You cannot buy or transfer a horse ownership without that brand inspection certificate. Again, I've heard many tales of woe from people who didn't know all this stuff who paid for a horse they bought and then discovered that their kids couldn't enter a fair or show event because they didn't have the brand inspection ... and the seller was nowhere to be found or couldn't provide the brand inspection papers to them.

It's gotten so tight around here that I can't even take lambs or cows in to be slaughtered at a processor without having brand inspections for them before they leave my property. Outside of my risk of confiscation/quarantine while in transit, the processor cannot accept my livestock without the brand inspection papers. Nor can a sale barn ... no papers? sorry, don't even bother to unload because all they can do is have you load 'em back up and get out. Nobody is going to risk their business license and serious personal fines (and jail time) just to "overlook" these little details for you ....

Same thing with big game if you take that to a processor ... better have your tag on it or it will be refused at the door. Since the meat plants operate under at least State inspection, there's a state person there to watch over the operation. Again, nobody's going to risk their capital investment or business to help you out without that tag ....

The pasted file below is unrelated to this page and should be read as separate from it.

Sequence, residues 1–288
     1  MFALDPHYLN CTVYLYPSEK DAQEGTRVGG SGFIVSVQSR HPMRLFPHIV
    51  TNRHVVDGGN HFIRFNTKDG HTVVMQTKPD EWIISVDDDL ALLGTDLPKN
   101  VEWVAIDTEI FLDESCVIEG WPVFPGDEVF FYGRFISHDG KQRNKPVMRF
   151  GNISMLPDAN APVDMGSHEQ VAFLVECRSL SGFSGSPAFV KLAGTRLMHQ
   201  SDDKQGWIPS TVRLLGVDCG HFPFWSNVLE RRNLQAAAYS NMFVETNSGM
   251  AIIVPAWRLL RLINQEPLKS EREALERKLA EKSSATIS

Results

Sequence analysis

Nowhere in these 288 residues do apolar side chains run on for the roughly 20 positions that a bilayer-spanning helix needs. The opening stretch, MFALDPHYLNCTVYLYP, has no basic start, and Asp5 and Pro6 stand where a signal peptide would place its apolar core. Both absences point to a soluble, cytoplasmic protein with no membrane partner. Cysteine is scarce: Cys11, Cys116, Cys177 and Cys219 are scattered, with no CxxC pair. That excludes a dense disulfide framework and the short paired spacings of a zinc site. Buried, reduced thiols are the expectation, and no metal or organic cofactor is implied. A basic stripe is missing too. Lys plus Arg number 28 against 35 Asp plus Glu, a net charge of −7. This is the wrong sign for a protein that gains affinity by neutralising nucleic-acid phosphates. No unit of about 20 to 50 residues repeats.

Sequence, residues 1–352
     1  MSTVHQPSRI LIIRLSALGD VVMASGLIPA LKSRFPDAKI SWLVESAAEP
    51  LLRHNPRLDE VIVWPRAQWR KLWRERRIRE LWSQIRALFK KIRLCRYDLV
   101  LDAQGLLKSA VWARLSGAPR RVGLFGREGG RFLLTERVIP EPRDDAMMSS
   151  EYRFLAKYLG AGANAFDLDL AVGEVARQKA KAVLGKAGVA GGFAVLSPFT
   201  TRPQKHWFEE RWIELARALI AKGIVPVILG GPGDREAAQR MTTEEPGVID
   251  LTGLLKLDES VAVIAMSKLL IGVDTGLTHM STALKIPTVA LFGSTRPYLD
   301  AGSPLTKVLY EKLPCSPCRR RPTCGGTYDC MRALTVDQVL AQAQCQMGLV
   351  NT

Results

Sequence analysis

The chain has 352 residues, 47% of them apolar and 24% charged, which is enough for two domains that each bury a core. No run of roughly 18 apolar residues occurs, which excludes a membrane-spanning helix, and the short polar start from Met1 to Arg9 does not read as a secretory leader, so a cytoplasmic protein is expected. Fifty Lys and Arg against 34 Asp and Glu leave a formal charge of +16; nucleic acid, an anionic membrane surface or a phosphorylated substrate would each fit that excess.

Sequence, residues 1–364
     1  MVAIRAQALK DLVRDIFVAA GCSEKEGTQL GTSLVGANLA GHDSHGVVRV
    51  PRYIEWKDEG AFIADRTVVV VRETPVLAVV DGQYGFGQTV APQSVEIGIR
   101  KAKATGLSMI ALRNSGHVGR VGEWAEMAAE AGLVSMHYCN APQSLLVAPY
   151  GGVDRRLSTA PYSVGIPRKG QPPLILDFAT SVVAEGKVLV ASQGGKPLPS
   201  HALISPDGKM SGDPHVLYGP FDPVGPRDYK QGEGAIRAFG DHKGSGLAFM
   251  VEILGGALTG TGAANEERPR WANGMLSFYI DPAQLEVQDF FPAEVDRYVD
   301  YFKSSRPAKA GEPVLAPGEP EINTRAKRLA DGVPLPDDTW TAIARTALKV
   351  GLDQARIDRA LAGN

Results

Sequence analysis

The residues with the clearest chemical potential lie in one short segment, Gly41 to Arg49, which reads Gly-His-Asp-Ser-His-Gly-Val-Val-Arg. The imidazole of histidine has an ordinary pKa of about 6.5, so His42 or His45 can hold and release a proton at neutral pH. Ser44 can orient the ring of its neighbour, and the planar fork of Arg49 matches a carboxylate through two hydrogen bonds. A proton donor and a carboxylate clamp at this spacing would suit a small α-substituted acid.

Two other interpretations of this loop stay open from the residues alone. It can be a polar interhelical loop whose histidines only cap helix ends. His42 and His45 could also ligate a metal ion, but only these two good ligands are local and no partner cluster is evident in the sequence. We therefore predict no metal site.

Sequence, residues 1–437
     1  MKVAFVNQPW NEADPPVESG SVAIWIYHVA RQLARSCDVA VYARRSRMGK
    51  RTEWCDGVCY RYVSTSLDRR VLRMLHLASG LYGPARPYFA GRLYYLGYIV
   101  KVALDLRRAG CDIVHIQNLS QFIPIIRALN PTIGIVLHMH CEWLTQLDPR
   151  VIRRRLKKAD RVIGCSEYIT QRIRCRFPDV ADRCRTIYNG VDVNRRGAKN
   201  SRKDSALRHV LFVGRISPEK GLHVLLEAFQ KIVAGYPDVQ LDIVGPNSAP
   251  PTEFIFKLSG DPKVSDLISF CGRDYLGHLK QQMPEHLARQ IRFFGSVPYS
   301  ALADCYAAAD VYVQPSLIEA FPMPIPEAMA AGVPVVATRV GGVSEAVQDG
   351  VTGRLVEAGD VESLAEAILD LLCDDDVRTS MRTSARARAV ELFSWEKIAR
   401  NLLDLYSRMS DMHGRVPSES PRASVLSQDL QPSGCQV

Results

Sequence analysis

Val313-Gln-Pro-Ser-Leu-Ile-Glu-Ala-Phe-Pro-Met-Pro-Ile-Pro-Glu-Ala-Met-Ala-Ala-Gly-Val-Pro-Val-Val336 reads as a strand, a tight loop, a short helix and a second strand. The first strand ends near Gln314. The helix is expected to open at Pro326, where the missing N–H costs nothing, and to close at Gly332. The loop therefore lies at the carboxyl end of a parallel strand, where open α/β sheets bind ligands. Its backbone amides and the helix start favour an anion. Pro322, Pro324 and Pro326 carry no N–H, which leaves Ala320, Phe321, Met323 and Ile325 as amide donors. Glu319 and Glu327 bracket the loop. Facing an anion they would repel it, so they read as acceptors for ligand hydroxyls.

Where I'm going with all this is that NAIS represents just another layer of bureaucracy in the livestock business. We've got so much gov't activity and regulation around here already that it's pretty easy to track livestock origins. Maybe in the Eastern states where this type of activity isn't present ... as you point out, marmac, horses aren't considered livestock where you live ... this would be the first time such tracking is enforced in your area. But here ... it's an entirely different story. NAIS wasn't going to bring us any better control or tracking of livestock, but one heck of a lot more burdensome federal intervention on a problem that isn't here ... and it got real overblown when they even wanted to track all movement of poultry, too.
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Old 02-06-2010, 10:04 AM
 
Location: Central Texas
20,494 posts, read 38,417,337 times
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Oh, dang. Bait and switch. Why am I not surprised? This, in particular but by no means exclusively: